The upcoming Zapad 2017 joint exercise by Russian and Belarusian troops in Belarus has sparked concerns that it may be used by Moscow either to carry out a hybrid revolution in Belarus—along the lines of what Vladimir Putin did in Crimea in 2014—or to put new pressure on Ukraine, Poland and the Baltic countries. Minsk has sought to downplay those fears by inviting observers from these countries and others and insisting that all Russian troops will be withdrawn from Belarusian territory when the exercise is completed at the end of September (Interfax, July 17; Belta, August 29). But plans for the exercise, as announced by the Belarusian General Staff, could add to nervousness not only in Belarus itself but among neighboring countries as well.
Belarusian paper Nasha Niva reports that those who planned the exercise created notional “enemy” territories that generally follow the borders of existing countries but also divide them and Belarus in particular along ethnic and religious lines. This seems to indicate that those ethnic and religious divisions, and not the political ones that emerged with the restoration of the independence of the three Baltic countries and the acquisition of independence by Belarus and Ukraine in 1991, play a far larger role in the thinking of Belarusian and Russian defense planners. The impact of such strategic thinking could prove deleterious to overall regional stability (Nasha Niva, August 29).
According to the Belarusian newspaper, Belarusian and Russian defense planners have created three notional “enemy” regions against which the joint exercise will be directed. These include “Luben” (composed of the northeastern portion of Poland and the southwestern part of Lithuania, i.e., the so-called “Suwałki corridor), “Vesbariya” (within which are the remainder of Lithuania and the central part of Latvia), and, most provocatively of all, “Vayshnoria” (embracing the northwestern portions of Grodno, Minsk and Vitebsk oblasts, which are all part of modern-day Belarus and are populated by the largest concentration of the country’s Roman Catholics). Thus, on the map issued by the defense planners, which Nasha Niva features in its reporting, the Republic of Belarus itself is shown in “a truncated form” (Nasha Niva, August 29).
In both Russian and Western defense exercises, it is common practice to invent “enemy” regions to avoid offending existing states by naming them directly. But three things make the Zapad 2017 case more serious in this regard than is normally true. First, by playing up ethnic and religious factors relative to political ones, this wargame plan appears to underscore Vladimir Putin’s oft-expressed view that many of the post-Soviet states are not real (i.e., their borders were “artificially” set) and therefore not deserving of the respect that countries normally accord to one another. That attitude lies behind what he has done in Georgia, Ukraine, Moldova and now, quite remarkably, in Belarus—which is supposed to be his closest ally as part of the Russian-Belarusian Union State.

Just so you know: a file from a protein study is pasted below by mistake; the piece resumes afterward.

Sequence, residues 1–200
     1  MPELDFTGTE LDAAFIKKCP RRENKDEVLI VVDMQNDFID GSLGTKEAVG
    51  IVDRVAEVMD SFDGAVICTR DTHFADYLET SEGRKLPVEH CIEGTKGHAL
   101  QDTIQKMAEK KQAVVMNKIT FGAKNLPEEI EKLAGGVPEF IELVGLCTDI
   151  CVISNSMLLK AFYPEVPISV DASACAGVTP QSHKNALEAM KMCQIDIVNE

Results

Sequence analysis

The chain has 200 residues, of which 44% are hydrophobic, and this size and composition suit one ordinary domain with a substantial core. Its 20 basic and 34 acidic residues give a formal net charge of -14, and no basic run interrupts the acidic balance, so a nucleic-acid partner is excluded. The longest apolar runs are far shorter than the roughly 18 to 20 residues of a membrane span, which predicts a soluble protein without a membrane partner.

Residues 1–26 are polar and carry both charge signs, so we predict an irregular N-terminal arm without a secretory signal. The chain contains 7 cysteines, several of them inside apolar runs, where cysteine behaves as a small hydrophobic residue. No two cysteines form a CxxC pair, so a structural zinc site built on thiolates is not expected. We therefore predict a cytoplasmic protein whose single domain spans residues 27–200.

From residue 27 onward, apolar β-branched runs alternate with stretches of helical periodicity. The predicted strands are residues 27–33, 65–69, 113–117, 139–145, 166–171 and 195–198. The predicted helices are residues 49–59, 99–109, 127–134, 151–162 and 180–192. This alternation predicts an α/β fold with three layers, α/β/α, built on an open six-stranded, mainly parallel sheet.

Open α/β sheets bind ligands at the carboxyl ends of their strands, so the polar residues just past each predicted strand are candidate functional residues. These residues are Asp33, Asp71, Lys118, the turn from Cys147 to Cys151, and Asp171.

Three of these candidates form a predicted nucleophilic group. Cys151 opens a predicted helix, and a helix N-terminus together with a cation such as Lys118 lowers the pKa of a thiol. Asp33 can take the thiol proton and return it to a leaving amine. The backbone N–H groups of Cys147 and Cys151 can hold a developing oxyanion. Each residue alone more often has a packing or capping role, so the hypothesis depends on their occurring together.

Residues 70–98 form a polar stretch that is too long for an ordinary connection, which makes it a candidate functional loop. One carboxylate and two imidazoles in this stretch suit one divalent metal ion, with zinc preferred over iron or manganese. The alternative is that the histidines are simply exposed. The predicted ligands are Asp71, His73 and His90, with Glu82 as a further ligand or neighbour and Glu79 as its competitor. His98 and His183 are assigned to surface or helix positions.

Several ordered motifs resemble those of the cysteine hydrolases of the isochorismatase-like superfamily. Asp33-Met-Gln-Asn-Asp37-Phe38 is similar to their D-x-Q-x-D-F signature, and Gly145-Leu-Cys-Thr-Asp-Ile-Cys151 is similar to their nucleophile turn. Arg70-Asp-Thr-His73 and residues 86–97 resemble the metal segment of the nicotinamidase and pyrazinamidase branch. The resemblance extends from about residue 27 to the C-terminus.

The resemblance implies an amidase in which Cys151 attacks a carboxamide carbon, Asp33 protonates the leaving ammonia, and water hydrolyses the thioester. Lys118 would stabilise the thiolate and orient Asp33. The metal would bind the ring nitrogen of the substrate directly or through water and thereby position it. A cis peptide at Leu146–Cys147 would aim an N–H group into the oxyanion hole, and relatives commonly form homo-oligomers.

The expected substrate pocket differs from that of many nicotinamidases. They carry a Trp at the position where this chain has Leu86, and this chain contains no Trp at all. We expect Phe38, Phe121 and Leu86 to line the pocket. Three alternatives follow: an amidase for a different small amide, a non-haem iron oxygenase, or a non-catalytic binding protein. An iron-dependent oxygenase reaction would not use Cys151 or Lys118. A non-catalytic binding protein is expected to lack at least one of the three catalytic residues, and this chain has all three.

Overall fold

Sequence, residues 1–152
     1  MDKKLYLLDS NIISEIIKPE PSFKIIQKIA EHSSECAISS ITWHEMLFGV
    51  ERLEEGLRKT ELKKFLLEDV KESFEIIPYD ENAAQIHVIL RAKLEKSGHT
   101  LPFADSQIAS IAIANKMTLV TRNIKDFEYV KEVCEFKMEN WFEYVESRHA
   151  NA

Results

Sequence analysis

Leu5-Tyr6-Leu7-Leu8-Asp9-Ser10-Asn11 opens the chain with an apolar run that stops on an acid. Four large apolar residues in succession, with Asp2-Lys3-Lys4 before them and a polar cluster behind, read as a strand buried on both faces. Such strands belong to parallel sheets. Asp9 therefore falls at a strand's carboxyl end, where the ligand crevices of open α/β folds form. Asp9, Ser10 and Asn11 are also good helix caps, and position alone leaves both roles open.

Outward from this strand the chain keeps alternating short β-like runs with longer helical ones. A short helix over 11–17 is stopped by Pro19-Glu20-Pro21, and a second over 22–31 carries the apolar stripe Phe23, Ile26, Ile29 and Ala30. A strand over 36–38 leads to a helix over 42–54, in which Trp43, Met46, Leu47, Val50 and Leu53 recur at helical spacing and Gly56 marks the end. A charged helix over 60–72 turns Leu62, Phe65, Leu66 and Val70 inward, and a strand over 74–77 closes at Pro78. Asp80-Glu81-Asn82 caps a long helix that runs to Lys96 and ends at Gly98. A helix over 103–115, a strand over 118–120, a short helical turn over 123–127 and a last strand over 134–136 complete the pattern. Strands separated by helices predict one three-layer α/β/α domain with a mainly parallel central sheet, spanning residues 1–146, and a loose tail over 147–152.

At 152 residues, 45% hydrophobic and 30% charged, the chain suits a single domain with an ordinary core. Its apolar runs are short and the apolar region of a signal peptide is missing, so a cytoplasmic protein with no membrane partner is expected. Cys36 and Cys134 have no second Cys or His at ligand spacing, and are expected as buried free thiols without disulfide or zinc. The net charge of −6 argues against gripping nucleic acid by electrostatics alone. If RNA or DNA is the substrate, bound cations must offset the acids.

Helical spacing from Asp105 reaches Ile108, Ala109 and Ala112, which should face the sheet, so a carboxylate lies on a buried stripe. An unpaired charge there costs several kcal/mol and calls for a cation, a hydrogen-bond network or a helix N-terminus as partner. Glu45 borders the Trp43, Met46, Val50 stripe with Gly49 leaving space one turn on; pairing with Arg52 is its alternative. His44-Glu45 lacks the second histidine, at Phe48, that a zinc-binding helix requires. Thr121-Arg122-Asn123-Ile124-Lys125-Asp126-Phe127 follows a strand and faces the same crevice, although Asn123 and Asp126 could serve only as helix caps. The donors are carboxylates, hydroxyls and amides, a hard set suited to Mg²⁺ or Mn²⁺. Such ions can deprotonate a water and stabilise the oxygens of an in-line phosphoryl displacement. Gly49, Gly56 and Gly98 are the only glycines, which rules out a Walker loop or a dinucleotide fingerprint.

Second, by combining land from various countries—in this case, Poland, Lithuania and Latvia—into one “enemy” state, the Russian and Belarusian defense planners have implicitly suggested that Moscow would be prepared to carve up these states at some future point if it reintegrates them under central Russian control. These western neighbors of Russia have to take that sort of threat seriously; but doing so could lead them to make statements or even take actions that might put them at odds with their Western allies, thus isolating them from the North Atlantic Treaty Organization (NATO), the European Union and the United States. Indeed, this is a goal Moscow has long sought.
And third, the Zapad 2017 plan divides Belarus not just territorially but in religious terms, treating the Roman Catholic western portions of the country as distinct from the rest, which is largely Russian Orthodox. At the cost of angering many in Minsk, Moscow has repeatedly sought to play up this division in the past, installing an openly imperialist Moscow Patriarchate churchman as head of the Belarusian segment of the church and pushing an anti-Catholic (and not unimportantly anti-Polish) line in its propaganda. The Zapad exercise map, therefore, could further intensify concerns about Moscow’s intentions with regard to Belarus, a country that in recent years has tried to pursue a more balanced foreign policy between East and West (see EDM, May 15).
For many Belarusians, the most ominous aspect of all this may be seeing a map of their country, presented by officers of their own General Staff, that is carved up into several portions. Such an image takes on even greater negative resonance against the background of recent Russian suggestions about how Moscow would like to carve up and reduce Ukraine to a small landlocked state centered on what is now the western portion of the Republic of Ukraine (Ruskline.ru, July 24; Ekho Moskvy, August 8; Dialog.ua, August 16). Belarusians are certain to reflect upon the possibility—or even likelihood—that some in Moscow now have similar thoughts about their country.
And because that is the case, the above-mentioned ethnic and religious factors are certain to rise to the level of geopolitical ones or even exceed them as Zapad 2017 draws nearer—whether Moscow uses this exercise as the occasion to act on them or not.